That comparison reminded me that I’d had the same thought when I met Robert back in 2004. At the time Boris generously invited me to a kind of impromptu geek lunch in Yaletown. Robert and Maryam were there, as were Tim and Lauren, Stewart, Cal,
Roland (hey, I like the new theme). I met all of them for the first time. As it happens, we talked about how Vancouver could host a conference about this ‘weblogging’ thing. Northern Voice was borne over Thai food.
I mention all of those folks not to be a name-dropping douchebag, but to highlight my favourite thing about Northern Voice: the vibe. I think the conference maintains a lot of the easy, inclusive attitude of that day. I attend a lot of formal and informal events, and Northern Voice seems to strike a happy medium of sufficiently organized chaos. I can’t say for sure, but I get the sense that that (dare I say it?) energy makes it easy to meet new people, and hopefully diminishes some of the social barriers that exist at other events.
Almost everybody at that lunch attended this year’s Northern Voice. Maybe that’s a reflection of the current conference’s comfortable atmosphere?
I think Gnomedex was probably a big influence on Northern Voice’s vibe, as several early organizers had previously attended Chris’s great events. They have a similar feeling of a level, open playing field. I’d also give some credit to the conference venue. The Forest Sciences Centre has a gorgeous atrium and seating area that encourages casual interaction.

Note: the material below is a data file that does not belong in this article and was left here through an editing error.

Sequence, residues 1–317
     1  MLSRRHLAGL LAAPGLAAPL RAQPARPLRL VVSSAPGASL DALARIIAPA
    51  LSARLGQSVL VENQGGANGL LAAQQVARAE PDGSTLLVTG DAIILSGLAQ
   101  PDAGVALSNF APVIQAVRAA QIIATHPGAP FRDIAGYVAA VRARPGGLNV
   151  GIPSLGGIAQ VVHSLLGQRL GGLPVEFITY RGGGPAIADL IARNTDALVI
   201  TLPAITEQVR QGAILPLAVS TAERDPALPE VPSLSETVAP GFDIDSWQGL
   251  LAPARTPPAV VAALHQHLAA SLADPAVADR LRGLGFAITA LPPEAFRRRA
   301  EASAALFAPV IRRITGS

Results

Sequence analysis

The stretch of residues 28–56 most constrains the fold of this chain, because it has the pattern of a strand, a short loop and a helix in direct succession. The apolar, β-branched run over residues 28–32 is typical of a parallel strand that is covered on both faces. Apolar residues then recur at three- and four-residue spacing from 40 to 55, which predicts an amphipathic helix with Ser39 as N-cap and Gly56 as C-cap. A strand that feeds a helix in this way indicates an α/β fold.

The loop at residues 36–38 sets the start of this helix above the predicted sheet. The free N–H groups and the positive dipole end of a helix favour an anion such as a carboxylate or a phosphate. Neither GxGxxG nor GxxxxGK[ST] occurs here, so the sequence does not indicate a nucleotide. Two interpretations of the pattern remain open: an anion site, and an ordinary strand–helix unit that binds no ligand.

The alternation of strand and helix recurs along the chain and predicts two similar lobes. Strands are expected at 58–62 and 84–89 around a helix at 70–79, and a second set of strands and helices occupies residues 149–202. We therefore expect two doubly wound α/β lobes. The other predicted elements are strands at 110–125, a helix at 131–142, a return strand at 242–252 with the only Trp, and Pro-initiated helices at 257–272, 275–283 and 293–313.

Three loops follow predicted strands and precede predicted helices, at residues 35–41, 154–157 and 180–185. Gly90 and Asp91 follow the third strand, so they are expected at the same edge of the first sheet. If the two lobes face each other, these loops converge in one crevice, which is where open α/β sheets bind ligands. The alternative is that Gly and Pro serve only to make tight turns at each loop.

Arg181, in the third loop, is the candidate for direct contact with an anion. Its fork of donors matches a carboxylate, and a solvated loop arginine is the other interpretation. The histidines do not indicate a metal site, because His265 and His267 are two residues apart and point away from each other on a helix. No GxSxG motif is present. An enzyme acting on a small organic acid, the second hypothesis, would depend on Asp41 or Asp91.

The Best Northern Voice Yet
A couple of people I spoke to said that this version of Northern Voice was the best one yet. I’d tend to agree. A big congratulations to the organizers who did a great job with everything, from recruiting sponsors in difficult times to building a really strong speaker lineup. A few observations that struck me about the weekend:
- The conference is so much more diverse than it was five years ago. In the first year, I remember that the crowd was 80% male. This year we did a quick count and it turned out to be about 55% male, 45% female. It’s a sausage party no longer. I have no proof of this, but it also feels more diverse in terms of the age and ethnicity of attendees.
- When one of the organizers asked “how many people are new to the conference this year”, at least 60% or 70% of those in the audience put up their hand. That’s really terrific, not what I expected, and probably reflective of Northern Voice’s popularity problem.
- There were some sponsor prizes to give away, so I helped Travis devise some fiendish, space-specific trivia questions to ask using the Northern Voice Twitter account. My favourite question was “how many mustachioed men were in the 1948 Forestry program graduating class?” The graduating class portraits were hung on the walls of the building, so you had to hunt the right one down. Surprisingly, the correct answer was “two”.
I happened to notice that the registration list for PodCamp Toronto is about 850 people long. They’ve obviously got a much larger population base to draw upon, but I can imagine that Northern Voice could be nearly that big if it wanted to be. I think that’s the most important question going forward: how big does the conference want to be?
Photo by John Biehler
5 Comments »